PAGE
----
The U.S. Department of Transportation is making $16.4 billion available to fund a major overhaul to the Northeast Corridor railroad line, which serves 800,000 passengers daily between Boston and Washington, D.C.
The funds will cover 25 projects in several states, and will include upgrading tunnels, bridges, tracks, power systems, signals, stations and other aging infrastructure.
Amtrak said its ridership is surpassing pre-pandemic numbers. The projects will help reduce delays and travel time for passengers by overhauling infrastructure that is older than 99% of Americans, and replacing or upgrading 12 major bridges and tunnels that are over 100 years old.
Projects were selected through the Bipartisan Infrastructure Law’s Federal-State Partnership for Intercity Passenger Rail Program (Fed-State NEC). The program will make a total of $36 billion available over the next five years, with $24 billion for projects on the NEC and $12 billion for intercity passenger rail projects and nationwide high-speed rail initiatives.
Nationwide grants through the Fed-State program will be announced in the coming months, building on previous rail investment announced earlier this year that includes the new Rail Crossing Elimination (RCE) grants and the Consolidated Rail Infrastructure Safety Improvement (CRISI) grants.
The projects include:
- Up to $4.7 billion for the Maryland – B&P Tunnel Replacement Program: Frederick Douglass Tunnel. The project includes final design and construction of the Frederick Douglass Tunnel, which will replace the Baltimore and Potomac tunnel. It includes building a two-track tunnel for passenger rail use, three ventilation facilities and an approach track. The project also reconstructs associated railroad and roadway bridges in the area and rebuilds the West Baltimore commuter station to accommodate the new railroad alignment and upgrade the station to fully accessible high-level platforms. Upon completion, speeds along this segment will increase from 30 mph to 110 mph, eliminating the slowest section of mainline track between Washington, D.C., and New York City.
- Up to $3.8 billion for the New Jersey/New York – Gateway Program: Hudson Tunnel Project Systems and Fit Out. The project includes final design and construction of the Hudson River Tunnel project and rehabilitating the existing 113-year-old North River tunnels. Construction will include installation of track, signals, traction power, ventilation, fire and life safety systems, and other necessary systems.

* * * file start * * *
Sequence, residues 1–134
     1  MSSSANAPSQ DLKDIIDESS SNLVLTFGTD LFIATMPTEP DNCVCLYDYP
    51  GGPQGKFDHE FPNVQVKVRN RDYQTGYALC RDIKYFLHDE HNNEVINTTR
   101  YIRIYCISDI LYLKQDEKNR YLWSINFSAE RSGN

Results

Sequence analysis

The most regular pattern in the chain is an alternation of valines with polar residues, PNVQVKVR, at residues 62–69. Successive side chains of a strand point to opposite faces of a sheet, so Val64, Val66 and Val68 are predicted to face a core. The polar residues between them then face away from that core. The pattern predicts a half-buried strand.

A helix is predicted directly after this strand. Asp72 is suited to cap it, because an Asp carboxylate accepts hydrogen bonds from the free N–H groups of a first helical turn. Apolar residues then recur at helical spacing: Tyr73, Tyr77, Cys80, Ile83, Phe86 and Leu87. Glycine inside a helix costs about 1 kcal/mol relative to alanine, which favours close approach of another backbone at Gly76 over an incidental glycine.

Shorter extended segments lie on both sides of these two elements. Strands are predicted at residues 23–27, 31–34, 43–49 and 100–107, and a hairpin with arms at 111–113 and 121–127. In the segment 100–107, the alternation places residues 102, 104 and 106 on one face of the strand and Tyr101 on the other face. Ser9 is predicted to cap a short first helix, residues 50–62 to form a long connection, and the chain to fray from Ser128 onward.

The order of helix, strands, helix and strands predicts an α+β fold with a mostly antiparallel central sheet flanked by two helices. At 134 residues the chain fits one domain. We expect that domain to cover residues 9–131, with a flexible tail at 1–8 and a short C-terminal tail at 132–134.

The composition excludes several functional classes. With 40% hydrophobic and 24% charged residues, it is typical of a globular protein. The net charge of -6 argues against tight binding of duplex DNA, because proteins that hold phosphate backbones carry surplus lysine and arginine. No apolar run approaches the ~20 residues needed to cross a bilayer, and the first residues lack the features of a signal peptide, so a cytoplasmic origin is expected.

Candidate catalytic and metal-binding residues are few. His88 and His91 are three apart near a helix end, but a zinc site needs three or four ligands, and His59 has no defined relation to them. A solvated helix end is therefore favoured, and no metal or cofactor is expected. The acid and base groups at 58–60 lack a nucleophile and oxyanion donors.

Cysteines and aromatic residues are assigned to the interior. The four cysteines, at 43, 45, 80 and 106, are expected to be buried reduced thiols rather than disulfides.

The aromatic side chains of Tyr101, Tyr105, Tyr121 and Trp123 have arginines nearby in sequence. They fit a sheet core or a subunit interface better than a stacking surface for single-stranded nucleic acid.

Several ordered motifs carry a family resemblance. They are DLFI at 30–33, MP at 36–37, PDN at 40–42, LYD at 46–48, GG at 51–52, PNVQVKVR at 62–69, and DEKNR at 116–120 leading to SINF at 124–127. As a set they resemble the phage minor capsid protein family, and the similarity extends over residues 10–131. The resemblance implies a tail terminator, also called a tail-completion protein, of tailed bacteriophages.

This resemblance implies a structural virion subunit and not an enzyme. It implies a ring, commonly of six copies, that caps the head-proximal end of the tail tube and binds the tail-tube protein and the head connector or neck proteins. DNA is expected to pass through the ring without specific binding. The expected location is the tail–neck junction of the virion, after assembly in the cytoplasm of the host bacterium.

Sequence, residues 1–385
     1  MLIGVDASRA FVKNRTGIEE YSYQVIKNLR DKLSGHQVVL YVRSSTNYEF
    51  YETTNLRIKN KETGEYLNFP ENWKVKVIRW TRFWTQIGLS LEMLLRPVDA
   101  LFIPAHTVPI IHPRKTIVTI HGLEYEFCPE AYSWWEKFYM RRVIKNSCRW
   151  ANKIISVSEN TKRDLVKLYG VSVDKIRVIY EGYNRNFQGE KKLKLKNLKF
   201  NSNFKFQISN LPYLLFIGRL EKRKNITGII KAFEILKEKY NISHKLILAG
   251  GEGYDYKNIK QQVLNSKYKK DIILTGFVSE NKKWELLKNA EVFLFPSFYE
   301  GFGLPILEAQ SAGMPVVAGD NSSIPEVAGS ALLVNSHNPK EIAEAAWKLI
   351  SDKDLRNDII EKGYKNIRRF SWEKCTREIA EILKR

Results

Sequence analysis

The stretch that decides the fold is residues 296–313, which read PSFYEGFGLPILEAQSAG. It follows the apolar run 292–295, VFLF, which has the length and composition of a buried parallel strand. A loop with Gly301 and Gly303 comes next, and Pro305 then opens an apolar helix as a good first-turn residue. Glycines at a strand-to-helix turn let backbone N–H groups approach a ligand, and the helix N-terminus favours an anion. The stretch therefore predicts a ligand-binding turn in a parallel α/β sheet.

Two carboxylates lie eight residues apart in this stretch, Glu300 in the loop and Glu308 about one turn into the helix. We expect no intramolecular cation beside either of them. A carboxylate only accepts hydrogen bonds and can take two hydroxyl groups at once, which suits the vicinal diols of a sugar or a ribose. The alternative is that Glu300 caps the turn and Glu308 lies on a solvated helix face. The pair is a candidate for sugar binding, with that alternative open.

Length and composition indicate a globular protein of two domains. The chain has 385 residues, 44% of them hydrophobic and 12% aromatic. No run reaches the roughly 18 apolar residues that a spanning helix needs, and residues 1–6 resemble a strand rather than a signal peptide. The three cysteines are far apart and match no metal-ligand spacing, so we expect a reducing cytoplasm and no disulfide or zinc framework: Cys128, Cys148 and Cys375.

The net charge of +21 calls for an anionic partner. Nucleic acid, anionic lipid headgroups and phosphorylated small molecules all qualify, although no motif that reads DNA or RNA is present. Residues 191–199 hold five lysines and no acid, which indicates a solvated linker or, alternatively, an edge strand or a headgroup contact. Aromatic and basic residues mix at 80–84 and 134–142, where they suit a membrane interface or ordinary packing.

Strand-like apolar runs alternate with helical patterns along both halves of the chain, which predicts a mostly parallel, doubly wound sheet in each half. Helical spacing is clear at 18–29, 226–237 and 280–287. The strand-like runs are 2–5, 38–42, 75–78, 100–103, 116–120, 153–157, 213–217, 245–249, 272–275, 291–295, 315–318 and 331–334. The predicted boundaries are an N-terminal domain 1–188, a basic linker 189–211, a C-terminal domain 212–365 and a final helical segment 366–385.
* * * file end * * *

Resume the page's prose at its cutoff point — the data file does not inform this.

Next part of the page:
- Up to $2.1 billion for the Maryland – Susquehanna River Bridge Replacement Program. The project includes final design and construction for two new fixed, two-track bridges over the Susquehanna River between Havre De Grace and Perryville, Maryland, replacing the current 117-year-old, two-track structure. The new spans will improve upon the 90-mph speed on the current structure, with one span designed for 125-mph operation and the other for up to 160-mph operation, reducing travel time for thousands of daily passengers along the NEC. Amtrak and the State of Maryland will collectively provide $520 million in matching funds.
- Up to $1.3 billion for the New York – East River Tunnel Rehabilitation:
The project includes final design and construction of the East River Tunnels in New York City. The tunnels are used by Amtrak’s NEC services, Long Island Railroad, and New Jersey Transit for a total of more than 400 daily trains that run on a more than 100-year-old-plus structure. The project will fund full rehabilitation of two of the four tracks with installation of a new direct fixation track, traction power, drainage systems, signals, communication systems, and fire and life safety upgrades throughout the tunnel. Damage to the tunnels from Superstorm Sandy will be fully remediated, returning two tracks to a state of good repair and preparing the tunnels to accommodate future growth.
- Up to $826 million for the Connecticut – Connecticut River Bridge Replacement. The project includes construction to replace the existing Connecticut River bridge between Old Saybrook and Old Lyme, Connecticut, with a moveable bridge immediately to the south of the existing structure. The bridge would replace the 116-year-old Amtrak-owned bridge and maintain the two-track configuration and existing channel location and provide a bascule moveable span with additional vertical clearance for maritime traffic. Amtrak will provide $148 million, and Connecticut will provide $58 million in matching funds.